“I was trying to fight for my other family members to still believe in [my mom],” they explained. “I was begging them to give my mom a chance, and so there was a parallel in my life, that sort of tension of why I was defensive over a misunderstood woman, because my mom had me at 14 years old, you know, and she was very misunderstood. And I, in some ways, felt like I had to protect my mom and fight for her.”

And as for Chris Crocker, it was the cultural norm to look at an emotional teenager in eyeliner and choose to mock instead of actually listening to what they had to say. Back in 2007, vlogging wasn’t mainstream, and there was a lack of understanding for the format. Crocker being gender non-conforming wasn’t something people understood either. So again, it was easier to turn Crocker into the joke rather than actually listen to what they had to say. Honestly, the way people reacted to Crocker and their video is an indication about how we as a society feel about women and those who present in more feminine ways. It doesn’t matter that the emotion comes from a genuine place of hurt. If you choose to be that emotional publicly, you’re nothing more than an over emotional drama queen, and no one cares about what you have to say.

“I always felt that if people just read the transcript and didn’t pay attention to how I looked or that I was screaming and just read what I said, there’s nothing comical about it,” Crocker said to NPR.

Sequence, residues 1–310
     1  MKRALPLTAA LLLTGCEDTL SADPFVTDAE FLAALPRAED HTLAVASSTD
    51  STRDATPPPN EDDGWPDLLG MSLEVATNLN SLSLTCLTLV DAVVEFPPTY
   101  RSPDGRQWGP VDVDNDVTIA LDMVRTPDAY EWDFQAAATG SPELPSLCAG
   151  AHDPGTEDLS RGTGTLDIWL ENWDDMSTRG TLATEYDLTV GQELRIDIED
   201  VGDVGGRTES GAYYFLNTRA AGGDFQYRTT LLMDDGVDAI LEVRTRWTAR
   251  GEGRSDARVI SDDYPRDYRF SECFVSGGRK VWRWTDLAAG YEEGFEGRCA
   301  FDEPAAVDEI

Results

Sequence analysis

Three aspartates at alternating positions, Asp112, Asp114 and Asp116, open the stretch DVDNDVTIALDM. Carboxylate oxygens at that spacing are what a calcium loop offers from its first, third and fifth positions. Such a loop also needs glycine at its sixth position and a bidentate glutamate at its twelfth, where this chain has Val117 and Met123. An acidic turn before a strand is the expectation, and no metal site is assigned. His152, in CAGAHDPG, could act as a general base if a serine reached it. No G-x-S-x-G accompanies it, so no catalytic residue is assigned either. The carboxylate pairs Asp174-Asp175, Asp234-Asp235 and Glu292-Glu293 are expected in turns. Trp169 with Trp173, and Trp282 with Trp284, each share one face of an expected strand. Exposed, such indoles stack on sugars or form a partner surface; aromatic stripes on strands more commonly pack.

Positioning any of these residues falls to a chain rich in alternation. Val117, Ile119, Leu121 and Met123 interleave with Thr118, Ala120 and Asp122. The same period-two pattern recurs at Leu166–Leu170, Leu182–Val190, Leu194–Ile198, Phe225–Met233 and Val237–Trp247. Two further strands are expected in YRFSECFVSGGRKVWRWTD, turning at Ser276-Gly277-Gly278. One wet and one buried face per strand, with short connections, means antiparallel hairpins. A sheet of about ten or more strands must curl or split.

And that’s the crux of the whole issue. Chris Crocker wasn’t saying anything controversial or problematic. All they were doing was pointing out everything Britney Spears was enduring at the time. We may not remember everything, but it was a lot. Going through a very messy public divorce would be enough. But on top of that, Britney was enduring a custody battle as well. And because of how invasive the media is, she was genuinely fearful that they would harm her babies. Because her children were literal toddlers during this time. They chased her car, which led to her driving with her baby in her lap because she was terrified they’d run her off the road. Another time, they got so close, she almost dropped the baby in her arms because she was unbalanced. But instead of calling out the paparazzi for aggressively pursuing her, we called her a bad mother.

Chris Crocker was making an impassioned plea for the public to do what we should have already been doing. They were demanding that we stop seeing Britney Spears as a celebrity. We needed to treat her like a person, and we refused to. In 2007, Britney Spears was 25/26 years old. Anyone over the age of 30 knows how fucking young that actually is. So you have a young woman whose life is literally falling apart and all we did was to heap more and more vitriol on her. Because we thought that’s what she as a celebrity deserved.

If you think about it, Chris Crocker’s “Leave Britney Alone” video was revolutionary. Because they were demanding respect and empathy for a celebrity at a time when no one else was. We’re still having conversations right now where we’re debating the humanity of celebrities, as if their money and fame makes them immune from dealing with the same problems “regular” people deal with. As we’ve seen with Britney Spears, money and fame can’t always save you. But it also shows us that celebrities aren’t less deserving of empathy because they have status and money.

Yes, Chris Crocker was right back in 2007. And they’re still right in 2021. But this isn’t something anyone should ever have to be “right” about.